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Image from page 240 of "A home geography of New York city" (1905) | by Internet Archive Book Images
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Image from page 240 of "A home geography of New York city" (1905)

Identifier: homegeographyofn00stra

Title: A home geography of New York city

Year: 1905 (1900s)

Authors: Straubenmuller, Gustave

Subjects: New York (N.Y.) -- Description and travel New York (N.Y.) -- History

Publisher: Boston, New York [etc] Ginn & company

Contributing Library: The Library of Congress

Digitizing Sponsor: Sloan Foundation



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Text Appearing Before Image:

er Cooper hiu-ried to New York for a little brass engine he had, took it back with him toBaltimore, and made a locomotivein a coachmakers shop. The boilerof the engine was not as large asthe boiler attached to your motherskitchen range. He could not getany iron pipes the size he needed, so he used the barrels of oldguns for tubing. The locomotive was so small that he called it theTom Thumb. The Tom Thumb was not intended for use. It wasmade only to show the people who owned the railroad that a loco-motive such as they needed could be made. When the Tom Thumb was ready it was attached to a horsecar. There were thirty people in the car, and six people rode onthe locomotive. The TomThumb did what was ex-pected of it. It pulled thecar around the short curve.Everybody in Baltimorewas interested in the TomThumb, and for several weeks it was used to make trips. One daythere was a race between the engine and a famous gray horse. Thehorse drew a car on one track and the Tom Thumb drew a car on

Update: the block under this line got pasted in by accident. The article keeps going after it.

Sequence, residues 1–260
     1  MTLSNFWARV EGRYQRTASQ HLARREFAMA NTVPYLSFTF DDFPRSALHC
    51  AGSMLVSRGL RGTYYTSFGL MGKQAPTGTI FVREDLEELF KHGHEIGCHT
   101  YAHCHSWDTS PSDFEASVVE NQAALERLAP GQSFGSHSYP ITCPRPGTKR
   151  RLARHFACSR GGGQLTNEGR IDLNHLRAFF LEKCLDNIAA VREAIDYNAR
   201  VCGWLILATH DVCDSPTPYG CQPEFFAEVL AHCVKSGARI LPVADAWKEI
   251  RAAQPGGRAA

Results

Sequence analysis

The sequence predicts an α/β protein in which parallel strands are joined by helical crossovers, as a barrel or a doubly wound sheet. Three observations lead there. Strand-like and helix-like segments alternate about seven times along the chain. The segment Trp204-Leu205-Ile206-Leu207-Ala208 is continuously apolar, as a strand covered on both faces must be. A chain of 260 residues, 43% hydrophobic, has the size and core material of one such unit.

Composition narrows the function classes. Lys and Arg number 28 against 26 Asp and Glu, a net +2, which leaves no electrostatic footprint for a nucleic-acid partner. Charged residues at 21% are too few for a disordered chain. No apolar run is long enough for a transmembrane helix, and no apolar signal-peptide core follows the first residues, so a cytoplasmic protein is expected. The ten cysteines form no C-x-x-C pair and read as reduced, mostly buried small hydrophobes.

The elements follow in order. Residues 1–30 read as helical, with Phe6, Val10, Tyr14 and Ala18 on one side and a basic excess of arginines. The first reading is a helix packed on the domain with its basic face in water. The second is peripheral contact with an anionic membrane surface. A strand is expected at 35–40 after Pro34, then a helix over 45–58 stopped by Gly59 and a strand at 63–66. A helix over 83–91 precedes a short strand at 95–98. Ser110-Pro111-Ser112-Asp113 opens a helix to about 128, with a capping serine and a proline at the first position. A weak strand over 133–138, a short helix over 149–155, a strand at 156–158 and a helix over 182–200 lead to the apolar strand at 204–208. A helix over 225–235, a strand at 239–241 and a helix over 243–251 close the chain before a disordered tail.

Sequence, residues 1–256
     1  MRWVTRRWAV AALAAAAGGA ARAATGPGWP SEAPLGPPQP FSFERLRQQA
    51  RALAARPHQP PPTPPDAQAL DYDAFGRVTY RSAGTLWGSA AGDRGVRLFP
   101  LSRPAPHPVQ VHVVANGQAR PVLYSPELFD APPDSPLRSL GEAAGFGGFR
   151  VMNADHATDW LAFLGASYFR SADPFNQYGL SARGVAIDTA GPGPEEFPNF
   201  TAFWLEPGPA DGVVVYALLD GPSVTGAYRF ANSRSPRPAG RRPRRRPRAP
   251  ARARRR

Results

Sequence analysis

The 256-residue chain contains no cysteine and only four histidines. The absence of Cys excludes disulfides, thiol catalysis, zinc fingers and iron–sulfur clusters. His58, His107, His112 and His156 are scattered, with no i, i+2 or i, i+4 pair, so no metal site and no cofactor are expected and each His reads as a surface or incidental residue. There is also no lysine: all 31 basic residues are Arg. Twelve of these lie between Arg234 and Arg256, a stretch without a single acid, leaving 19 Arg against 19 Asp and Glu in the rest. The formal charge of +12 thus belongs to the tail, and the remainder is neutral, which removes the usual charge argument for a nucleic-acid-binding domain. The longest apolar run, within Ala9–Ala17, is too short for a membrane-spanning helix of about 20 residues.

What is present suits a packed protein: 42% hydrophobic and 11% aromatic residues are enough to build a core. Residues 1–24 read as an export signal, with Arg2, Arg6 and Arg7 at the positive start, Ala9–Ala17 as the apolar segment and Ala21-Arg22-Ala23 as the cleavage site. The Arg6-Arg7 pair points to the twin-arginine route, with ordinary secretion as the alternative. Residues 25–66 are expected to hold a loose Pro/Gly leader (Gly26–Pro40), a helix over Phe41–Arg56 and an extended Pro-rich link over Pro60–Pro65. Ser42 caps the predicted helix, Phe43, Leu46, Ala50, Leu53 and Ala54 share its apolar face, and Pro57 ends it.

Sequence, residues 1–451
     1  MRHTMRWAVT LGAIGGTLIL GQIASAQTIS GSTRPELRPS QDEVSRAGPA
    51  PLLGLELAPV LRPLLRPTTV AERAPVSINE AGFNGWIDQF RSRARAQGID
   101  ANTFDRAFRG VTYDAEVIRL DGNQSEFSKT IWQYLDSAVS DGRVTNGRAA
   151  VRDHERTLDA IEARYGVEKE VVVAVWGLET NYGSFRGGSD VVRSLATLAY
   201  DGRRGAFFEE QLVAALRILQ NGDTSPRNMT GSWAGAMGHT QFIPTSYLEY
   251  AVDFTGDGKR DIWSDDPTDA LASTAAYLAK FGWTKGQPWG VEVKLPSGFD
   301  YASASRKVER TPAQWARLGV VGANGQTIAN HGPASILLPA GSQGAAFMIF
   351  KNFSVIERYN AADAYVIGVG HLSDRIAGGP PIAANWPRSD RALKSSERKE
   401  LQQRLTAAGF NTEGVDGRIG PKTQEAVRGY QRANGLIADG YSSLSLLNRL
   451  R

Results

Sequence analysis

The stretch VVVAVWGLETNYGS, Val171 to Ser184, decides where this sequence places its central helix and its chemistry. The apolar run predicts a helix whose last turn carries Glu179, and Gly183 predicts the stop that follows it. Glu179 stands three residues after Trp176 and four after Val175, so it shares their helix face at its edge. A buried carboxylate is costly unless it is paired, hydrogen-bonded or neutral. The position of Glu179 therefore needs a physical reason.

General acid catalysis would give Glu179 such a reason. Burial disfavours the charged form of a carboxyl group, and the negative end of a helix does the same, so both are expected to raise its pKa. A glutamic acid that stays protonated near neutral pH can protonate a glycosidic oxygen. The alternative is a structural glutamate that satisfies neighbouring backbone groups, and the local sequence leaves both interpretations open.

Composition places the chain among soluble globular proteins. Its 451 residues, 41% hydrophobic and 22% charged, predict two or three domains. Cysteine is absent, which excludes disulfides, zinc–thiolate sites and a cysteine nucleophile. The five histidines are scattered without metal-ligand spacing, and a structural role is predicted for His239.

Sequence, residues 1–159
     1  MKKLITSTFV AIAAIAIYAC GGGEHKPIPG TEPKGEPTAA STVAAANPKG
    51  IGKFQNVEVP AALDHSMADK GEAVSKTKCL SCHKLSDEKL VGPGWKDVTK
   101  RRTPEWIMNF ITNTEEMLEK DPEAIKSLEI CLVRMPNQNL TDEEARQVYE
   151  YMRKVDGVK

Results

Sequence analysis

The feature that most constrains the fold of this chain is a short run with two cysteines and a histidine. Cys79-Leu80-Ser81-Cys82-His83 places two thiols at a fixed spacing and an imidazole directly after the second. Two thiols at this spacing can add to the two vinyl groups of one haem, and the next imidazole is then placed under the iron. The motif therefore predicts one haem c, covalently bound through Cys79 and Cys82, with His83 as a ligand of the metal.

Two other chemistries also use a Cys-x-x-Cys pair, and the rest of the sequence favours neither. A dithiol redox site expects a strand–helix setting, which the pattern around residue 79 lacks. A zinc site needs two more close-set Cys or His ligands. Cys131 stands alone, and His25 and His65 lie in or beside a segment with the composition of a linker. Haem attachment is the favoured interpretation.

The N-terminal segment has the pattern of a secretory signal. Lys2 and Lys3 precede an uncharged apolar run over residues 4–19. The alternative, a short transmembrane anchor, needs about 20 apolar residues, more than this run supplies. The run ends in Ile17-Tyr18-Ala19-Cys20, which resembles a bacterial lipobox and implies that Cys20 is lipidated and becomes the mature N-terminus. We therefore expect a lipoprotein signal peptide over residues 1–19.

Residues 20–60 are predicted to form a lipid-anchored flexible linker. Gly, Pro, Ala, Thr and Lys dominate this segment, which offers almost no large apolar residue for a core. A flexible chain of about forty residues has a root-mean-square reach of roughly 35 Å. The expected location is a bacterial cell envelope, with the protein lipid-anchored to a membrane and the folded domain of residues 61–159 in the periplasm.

Text Appearing After Image:

Modern Locomotive PETEK COOPEK 215 the other. The Tom Thumb was ahead, when something got out oforder; this caused a delay, and the horse won the race. The New Western Trade Route to China and Japan. America wasdiscovered because the sea captains and merchants of Europe weretrying to find a new trade route to China and Japan. New Yorkwas discovered because Henry Hudson came here looking for thenew trade route that was talked about so much. Europeans thoughtthere was a water way across our continent, and that this water waywould give them a western trade route to China and Japan. Otherparts of our country were dis-covered for the same reasons. As years went by explorersfound that our coun-try was a very bigplace, and that therewas no water waybetween the Atlan-tic ocean and thePacific. When theylearned this truth they gave up all hope of ever finding a shorterwestern trade route to Asia and continued to use the old traderoutes. When railroads were built many new trade routes wereplanne



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